BACKUP...BACKUP...BACKUP
    Have a Great Day! Ted


    Sony Vaio Laptop, 2.53 GHz Duo Core Intel CPU, 8 GB RAM, 320 GB HD
    Win 8 Pro (64 Bit), IE 10 (64 Bit)


    Complete PC Specs: By Speccy

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    Lightbulb "Rogue" Programs

    Hi Judy : Sounds like your friend has what the malware-fighting community calls a "rogue" ( "fake" ) program !? They come in different "flavors" that require different Steps be done PRIOR to running Malwarebytes Anti-Malware. The usual preliminary step is to run a program such as rkill.com or exeHelper or antiexehijack . I could find no CURRENT "Uninstall Guide" for "Windows Security Alert" and assume it has mutated from its 2007 and/or 2009 "Version" . There are excellent examples of "Uninstall Guides" in the "Malware Removal Guides and Self Help Guides" section of the Malwarebytes Support Forums located at http://forums.malwarebytes.org . If you are interested in the SPECIFIC website location of exeHelper or antiexehijack, let me know and I will provide it .
    For the BEST in what counts in Life :

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  6. #6
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    Thanks, tedshemyers and SpiritWind.
    Rkill, I've heard of that. Will do some more research on it. Thanks for the link. Sure would be nice to lick those 'flavors' for good.

    Yes, he did cause the whole thing by clicking. He even did it once after I explained not to click. Reflex action or whatever, I don't know. I have a feeling I should fill up the gas tank and be ready for more house calls. Thanks. Judy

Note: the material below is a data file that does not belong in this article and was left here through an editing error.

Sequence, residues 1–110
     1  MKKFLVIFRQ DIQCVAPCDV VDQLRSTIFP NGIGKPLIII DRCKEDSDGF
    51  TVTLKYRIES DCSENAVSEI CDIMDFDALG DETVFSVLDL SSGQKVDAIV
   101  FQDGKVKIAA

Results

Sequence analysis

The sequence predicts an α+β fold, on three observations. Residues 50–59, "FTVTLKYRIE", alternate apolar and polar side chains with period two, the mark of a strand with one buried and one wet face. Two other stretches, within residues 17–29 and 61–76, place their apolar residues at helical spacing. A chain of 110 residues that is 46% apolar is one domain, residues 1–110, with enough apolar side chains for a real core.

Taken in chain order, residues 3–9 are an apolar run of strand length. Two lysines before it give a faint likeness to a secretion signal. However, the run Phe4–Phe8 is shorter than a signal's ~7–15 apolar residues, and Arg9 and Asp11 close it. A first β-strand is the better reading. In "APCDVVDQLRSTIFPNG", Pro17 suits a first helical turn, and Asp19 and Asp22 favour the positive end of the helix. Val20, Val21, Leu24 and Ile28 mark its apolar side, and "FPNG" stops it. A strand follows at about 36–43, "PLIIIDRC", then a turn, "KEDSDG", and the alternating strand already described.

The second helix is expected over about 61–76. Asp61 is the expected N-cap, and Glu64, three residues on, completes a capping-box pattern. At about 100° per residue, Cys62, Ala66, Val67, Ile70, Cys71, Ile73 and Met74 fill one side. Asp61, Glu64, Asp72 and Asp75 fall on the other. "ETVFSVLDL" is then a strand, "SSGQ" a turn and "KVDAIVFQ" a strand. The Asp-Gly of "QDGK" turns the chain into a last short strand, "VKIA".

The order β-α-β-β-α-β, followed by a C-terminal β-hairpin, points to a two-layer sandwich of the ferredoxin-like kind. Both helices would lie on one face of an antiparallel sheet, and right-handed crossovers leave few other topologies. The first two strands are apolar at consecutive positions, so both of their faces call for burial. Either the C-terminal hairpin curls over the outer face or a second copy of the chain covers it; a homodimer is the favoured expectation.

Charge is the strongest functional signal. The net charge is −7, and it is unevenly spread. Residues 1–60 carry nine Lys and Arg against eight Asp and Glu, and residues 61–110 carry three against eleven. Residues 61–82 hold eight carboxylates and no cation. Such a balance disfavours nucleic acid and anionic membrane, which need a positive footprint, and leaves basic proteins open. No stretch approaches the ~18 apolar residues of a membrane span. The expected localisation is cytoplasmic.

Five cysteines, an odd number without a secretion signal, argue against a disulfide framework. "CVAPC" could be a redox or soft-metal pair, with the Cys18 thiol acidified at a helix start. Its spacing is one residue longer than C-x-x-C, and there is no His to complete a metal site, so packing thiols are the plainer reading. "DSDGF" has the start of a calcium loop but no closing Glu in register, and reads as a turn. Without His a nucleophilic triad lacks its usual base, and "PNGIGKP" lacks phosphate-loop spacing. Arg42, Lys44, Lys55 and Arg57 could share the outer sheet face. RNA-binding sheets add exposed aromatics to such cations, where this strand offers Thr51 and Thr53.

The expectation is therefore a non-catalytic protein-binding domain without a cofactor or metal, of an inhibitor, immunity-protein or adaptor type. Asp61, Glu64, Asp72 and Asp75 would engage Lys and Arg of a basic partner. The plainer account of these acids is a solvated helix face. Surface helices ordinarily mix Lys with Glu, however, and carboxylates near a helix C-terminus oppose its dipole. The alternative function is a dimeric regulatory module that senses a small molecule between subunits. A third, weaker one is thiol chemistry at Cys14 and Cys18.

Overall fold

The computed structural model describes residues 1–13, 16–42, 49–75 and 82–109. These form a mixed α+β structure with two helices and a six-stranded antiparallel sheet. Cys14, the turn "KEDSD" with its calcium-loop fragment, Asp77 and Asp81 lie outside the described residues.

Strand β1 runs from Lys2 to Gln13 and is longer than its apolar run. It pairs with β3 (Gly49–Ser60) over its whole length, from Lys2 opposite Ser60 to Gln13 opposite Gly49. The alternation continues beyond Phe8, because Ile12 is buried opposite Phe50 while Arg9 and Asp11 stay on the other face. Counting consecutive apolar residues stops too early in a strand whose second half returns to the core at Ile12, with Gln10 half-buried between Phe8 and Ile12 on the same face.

7. #7
    Super Moderator jwitalka's Avatar
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    Detailed removal instructions can be found here .

    Jerry

  8. #8
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    Lightbulb

    Hi Judy : I seriously doubt the "Windows Security Alert" Rogue is the same as the "Microsoft Security Essentials Alert" Rogue !? However, the link jwitalka provided shows the RKill download link and its Instructions #3 and 4 are part of the usual preliminary steps needed when combatting a "Rogue" .
    For the BEST in what counts in Life :

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  9. #9
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    Hi, jwitalka and SpiritWind.
    I have done as suggested already. Rkill and MBAM. Plus anti-spyware. Plus Malicious Software Removal tool. I had those on disk so didn't have to download them on the infected computer. Yes, Windows Security Alert is different from the Microsoft Security Essentials Alert, but this one seems more determined. I thought things were going well yesterday, but apparently not. Got another call last night. A followup full scan started just before I went home brought up 200+ more items.

    My final attempt is going to be doing a system restore to a few days before he originally clicked into the rogue. If all else fails........ Anyway, it can't hurt and might help tide them over until their IT son-in-law comes to visit in May.

    Thanks to all for the helpful ideas. Judy